McNemar's test  overview
This page offers structured overviews of one or more selected methods. Add additional methods for comparisons by clicking on the dropdown button in the righthand column. To practice with a specific method click the button at the bottom row of the table
McNemar's test 


Independent variable  
2 paired groups  
Dependent variable  
One categorical with 2 independent groups  
Null hypothesis  
Let's say that the scores on the dependent variable are scored 0 and 1. Then for each pair of scores, the data allow four options:
Other formulations of the null hypothesis are:
 
Alternative hypothesis  
The alternative hypothesis H_{1} is that for each pair of scores, P(first score of pair is 0 while second score of pair is 1) $\neq$ P(first score of pair is 1 while second score of pair is 0). That is, the probability that a pair of scores switches from 0 to 1 is not the same as the probability that a pair of scores switches from 1 to 0. Other formulations of the alternative hypothesis are:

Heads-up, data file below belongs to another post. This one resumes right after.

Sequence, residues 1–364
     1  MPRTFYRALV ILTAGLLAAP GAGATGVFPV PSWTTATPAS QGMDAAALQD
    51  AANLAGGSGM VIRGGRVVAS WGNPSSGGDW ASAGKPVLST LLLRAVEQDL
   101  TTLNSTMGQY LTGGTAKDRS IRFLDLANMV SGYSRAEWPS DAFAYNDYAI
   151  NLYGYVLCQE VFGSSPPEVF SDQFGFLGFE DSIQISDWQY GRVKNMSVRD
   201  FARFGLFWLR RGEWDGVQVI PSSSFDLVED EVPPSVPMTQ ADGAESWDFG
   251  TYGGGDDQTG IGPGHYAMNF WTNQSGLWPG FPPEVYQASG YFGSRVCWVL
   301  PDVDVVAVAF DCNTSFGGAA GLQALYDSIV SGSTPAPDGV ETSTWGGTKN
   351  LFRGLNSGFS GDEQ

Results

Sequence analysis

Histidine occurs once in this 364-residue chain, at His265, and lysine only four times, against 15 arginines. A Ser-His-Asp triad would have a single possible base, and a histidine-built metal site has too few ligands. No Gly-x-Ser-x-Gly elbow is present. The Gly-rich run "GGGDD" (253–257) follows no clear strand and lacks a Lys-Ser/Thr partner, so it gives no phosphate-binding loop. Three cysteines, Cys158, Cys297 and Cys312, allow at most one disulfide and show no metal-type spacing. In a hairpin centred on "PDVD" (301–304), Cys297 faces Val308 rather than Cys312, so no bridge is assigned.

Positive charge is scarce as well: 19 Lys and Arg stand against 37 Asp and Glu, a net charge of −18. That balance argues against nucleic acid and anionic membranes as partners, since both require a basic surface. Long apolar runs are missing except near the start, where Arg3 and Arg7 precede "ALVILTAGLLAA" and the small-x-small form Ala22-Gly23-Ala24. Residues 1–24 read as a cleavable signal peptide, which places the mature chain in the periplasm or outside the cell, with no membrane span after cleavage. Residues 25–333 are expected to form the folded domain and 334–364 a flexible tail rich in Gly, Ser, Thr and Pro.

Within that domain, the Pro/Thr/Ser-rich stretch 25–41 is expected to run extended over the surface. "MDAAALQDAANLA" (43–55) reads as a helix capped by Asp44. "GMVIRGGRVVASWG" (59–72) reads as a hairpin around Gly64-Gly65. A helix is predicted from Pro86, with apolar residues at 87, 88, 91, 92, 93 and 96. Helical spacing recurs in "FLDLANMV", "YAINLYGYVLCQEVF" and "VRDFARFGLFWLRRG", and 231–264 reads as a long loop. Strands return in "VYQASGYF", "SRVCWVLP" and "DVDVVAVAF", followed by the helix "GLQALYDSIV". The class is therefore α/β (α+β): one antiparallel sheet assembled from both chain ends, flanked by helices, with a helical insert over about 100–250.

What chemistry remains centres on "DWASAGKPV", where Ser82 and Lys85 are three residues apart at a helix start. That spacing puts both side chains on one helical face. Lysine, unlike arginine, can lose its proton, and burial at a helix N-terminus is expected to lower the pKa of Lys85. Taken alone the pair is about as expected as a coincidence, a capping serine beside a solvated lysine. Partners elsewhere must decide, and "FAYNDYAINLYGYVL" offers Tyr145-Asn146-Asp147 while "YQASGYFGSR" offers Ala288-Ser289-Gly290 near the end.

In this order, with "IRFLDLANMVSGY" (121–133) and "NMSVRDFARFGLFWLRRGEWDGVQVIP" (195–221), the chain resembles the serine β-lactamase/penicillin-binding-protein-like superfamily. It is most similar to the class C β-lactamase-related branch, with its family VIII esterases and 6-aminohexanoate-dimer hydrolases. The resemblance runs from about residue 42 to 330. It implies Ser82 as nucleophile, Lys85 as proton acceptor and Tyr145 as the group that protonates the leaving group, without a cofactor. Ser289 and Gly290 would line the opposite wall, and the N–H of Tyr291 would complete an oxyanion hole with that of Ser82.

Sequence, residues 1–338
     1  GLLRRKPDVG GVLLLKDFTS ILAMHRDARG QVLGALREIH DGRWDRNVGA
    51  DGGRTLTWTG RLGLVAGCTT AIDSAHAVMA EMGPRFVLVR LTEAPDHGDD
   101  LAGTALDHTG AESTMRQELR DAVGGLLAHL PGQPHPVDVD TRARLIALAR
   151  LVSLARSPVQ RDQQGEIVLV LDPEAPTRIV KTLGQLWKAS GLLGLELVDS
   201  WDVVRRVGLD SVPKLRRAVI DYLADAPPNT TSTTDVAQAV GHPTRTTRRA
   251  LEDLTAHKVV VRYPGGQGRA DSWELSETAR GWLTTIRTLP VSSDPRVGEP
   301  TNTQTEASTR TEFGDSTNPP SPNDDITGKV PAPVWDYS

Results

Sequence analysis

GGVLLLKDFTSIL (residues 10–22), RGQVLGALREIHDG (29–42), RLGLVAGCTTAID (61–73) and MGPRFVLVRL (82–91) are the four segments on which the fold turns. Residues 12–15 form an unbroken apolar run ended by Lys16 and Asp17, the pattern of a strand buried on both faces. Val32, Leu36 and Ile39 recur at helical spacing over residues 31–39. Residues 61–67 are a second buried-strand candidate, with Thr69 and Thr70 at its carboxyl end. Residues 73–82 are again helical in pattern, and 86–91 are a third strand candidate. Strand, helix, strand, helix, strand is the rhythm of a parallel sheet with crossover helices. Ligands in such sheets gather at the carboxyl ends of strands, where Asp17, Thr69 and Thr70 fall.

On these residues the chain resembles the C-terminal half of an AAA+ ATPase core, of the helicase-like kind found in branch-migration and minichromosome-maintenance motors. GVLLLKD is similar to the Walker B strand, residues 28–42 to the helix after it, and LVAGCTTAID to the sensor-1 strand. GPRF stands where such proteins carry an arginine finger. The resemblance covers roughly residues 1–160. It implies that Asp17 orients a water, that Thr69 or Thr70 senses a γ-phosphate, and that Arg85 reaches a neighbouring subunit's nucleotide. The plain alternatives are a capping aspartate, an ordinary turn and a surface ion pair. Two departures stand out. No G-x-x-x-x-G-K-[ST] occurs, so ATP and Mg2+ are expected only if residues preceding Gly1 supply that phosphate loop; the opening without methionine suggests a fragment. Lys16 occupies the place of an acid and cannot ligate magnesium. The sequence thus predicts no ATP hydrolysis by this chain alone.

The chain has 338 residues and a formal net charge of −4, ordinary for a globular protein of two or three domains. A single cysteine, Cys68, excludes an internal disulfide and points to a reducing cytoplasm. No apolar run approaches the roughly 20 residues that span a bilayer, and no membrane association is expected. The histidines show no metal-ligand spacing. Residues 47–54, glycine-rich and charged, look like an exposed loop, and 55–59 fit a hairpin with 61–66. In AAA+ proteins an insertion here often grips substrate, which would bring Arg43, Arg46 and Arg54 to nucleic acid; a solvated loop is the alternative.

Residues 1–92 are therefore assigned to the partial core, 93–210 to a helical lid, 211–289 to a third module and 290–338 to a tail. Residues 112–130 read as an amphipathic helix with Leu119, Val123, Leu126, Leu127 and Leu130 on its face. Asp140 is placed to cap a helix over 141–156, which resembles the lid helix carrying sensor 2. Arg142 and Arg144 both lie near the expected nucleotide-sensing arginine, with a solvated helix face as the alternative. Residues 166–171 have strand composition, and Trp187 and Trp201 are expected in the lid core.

Assumptions  
 
Test statistic  
$X^2 = \dfrac{(b  c)^2}{b + c}$
$b$ is the number of pairs in the sample for which the first score is 0 while the second score is 1, and $c$ is the number of pairs in the sample for which the first score is 1 while the second score is 0  
Sampling distribution of $X^2$ if H_{0} were true  
If $b + c$ is large enough (say, > 20), approximately the chisquared distribution with 1 degree of freedom. If $b + c$ is small, the binomial($n$, $p$) distribution should be used, with $n = b + c$ and $p = 0.5$. In that case the test statistic becomes equal to $b$.  
Significant?  
For test statistic $X^2$:
 
Equivalent to  
 
Example context  
Does a tv documentary about spiders change whether people are afraid (yes/no) of spiders?  
SPSS  
Analyze > Nonparametric Tests > Legacy Dialogs > 2 Related Samples...
 
Jamovi  
Frequencies > Paired Samples  McNemar test
 
Practice questions